Later, we moved from Katowice to Jaworzynka, where the main part of the exchange took place. Workshops were performed in a smaller circle, so it was possible to listen to everyone’s opinions and ideas. Each team (Slovenian, Ukrainian and Polish) was responsible for conducting one or two workshops, so everyone was even more devoted to the process and the result of the project. For example, the Ukrainian team led two small workshops. The first was about the importance of having plants not only on the streets but inside our homes as well. This was followed by the second workshop, where we were planting our own plants: arugula, lettuce, parsley, spring onion, etc. We chose these plants specifically for their quick growth and presented them to the friendly owners of the hotel we were staying at.

During the workshops, we talked a lot about the environmental problems that each of the countries has. For instance, the Ukrainian team explained how the ongoing military actions influence not only Ukrainian territories but ecosystems all across Europe, and why international support to stop Russian aggression is vital for the environment.

Of course, as a Young European Ambassador, I also proudly presented our initiative and the ‘EU NEIGHBOURS east’ programme. Though I talked about the work of Ukrainian YEAs, I pointed out to our Polish and Slovenian friends that it is also possible for them too to join our big international team.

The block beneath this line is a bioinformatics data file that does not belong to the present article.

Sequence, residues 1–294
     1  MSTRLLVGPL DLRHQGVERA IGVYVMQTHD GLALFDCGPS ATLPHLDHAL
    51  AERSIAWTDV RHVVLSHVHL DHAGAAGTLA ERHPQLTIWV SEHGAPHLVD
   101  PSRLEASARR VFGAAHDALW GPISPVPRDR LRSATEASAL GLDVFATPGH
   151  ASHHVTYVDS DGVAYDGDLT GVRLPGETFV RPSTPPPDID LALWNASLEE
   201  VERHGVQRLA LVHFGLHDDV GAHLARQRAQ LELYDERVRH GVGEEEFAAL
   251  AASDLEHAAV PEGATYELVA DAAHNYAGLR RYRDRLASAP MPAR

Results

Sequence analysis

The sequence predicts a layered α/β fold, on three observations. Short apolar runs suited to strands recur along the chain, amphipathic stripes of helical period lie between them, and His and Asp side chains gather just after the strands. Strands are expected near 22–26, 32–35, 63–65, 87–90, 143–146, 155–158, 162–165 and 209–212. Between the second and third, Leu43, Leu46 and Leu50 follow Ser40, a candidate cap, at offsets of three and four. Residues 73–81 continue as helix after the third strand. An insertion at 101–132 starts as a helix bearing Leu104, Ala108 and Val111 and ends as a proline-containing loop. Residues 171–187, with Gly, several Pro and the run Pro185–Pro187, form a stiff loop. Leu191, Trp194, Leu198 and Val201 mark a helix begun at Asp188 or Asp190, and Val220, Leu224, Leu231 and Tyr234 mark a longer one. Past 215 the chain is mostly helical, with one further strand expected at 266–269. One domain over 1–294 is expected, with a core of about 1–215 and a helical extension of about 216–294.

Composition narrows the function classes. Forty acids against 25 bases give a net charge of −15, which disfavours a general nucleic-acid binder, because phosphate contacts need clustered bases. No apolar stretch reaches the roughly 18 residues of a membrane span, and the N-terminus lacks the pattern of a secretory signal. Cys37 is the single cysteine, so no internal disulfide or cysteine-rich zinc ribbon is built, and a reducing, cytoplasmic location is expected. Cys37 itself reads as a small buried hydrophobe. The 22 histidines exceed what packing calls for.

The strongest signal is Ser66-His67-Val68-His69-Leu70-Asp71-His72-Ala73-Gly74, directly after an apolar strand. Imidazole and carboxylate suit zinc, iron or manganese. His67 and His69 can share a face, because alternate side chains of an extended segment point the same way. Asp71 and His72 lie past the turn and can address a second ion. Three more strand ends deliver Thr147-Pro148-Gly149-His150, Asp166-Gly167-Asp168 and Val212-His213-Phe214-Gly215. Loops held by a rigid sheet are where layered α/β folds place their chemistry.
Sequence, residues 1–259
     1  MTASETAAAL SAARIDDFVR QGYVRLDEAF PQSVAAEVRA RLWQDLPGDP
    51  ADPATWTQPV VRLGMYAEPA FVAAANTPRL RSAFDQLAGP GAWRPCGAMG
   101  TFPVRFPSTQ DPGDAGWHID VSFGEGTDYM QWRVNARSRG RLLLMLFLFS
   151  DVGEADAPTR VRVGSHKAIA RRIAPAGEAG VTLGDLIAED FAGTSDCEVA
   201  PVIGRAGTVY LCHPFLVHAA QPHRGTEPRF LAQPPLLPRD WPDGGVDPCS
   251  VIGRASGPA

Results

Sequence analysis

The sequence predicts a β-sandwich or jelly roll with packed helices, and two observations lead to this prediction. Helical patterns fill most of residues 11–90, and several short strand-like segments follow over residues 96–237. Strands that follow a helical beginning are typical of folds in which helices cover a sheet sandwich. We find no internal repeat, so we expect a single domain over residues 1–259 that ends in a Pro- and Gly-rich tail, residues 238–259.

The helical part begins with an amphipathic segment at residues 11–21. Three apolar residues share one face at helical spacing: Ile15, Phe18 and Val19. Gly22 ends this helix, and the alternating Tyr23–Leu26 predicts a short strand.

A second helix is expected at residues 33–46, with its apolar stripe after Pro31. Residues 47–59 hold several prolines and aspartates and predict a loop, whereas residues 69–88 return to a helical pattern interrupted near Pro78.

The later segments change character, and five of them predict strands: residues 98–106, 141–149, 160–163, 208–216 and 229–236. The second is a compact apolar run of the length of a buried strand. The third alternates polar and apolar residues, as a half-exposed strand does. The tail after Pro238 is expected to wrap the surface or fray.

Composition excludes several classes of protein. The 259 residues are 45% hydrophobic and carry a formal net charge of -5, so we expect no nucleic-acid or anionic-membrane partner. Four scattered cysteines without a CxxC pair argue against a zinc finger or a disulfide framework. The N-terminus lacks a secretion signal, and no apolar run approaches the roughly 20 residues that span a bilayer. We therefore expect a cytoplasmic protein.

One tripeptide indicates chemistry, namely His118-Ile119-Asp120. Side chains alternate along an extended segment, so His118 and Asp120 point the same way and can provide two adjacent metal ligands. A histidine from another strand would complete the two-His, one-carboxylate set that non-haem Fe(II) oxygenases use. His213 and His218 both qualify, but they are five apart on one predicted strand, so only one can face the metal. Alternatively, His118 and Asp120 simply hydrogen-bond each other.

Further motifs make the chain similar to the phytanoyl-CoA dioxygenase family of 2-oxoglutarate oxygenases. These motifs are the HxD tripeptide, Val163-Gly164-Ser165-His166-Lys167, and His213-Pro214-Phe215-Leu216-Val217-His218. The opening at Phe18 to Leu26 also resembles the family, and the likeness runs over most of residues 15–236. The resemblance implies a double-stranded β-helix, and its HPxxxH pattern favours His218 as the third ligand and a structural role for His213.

An Erasmus+ exchange without a cultural evening is not an Erasmus+ exchange, is it? We had three cultural evenings where we learned a lot about Ukraine, Polish and Slovenian traditions, food and mentalities. Our Ukrainian team was quite creative and we made personalised plane tickets for each of the participants to ‘travel to Ukraine’ for that evening, we talked about our traditions, and old and modern cultures, and presented traditional Ukrainian music, films and humour. Instead of borsch, we cooked kutia – another perfect example of Ukrainian cuisine that is also common in Eastern Poland. Traditionally, kutia is a ceremonial grain dish with sweet gravy traditionally served by both Orthodox and Catholic Christians in the region. 

Apart from the workshops and cultural evenings, we spent some time in the magical mountains of the Beskids, exploring forests and local towns. The Beskid Mountains are a series of mountain ranges in the Carpathians, stretching from the Czech Republic in the west along the border of Poland with Slovakia up to Ukraine in the east.

By the end of the exchange, we came to a realisation of how important it is to unite in order to fight common problems, and how powerful youth can be in times of change and uncertainties. That’s simply another proof of our motto: we are “Stronger Together”, indeed.

If you are a young person aged between 13 and 30 years old, then don’t hesitate to find out more about the opportunities offered by the programme at, apply and open up new perspectives for yourself.
This blog is published as a part of the Ukrainian #ErasmusDays 2022 campaign. You can find out more about the campaign at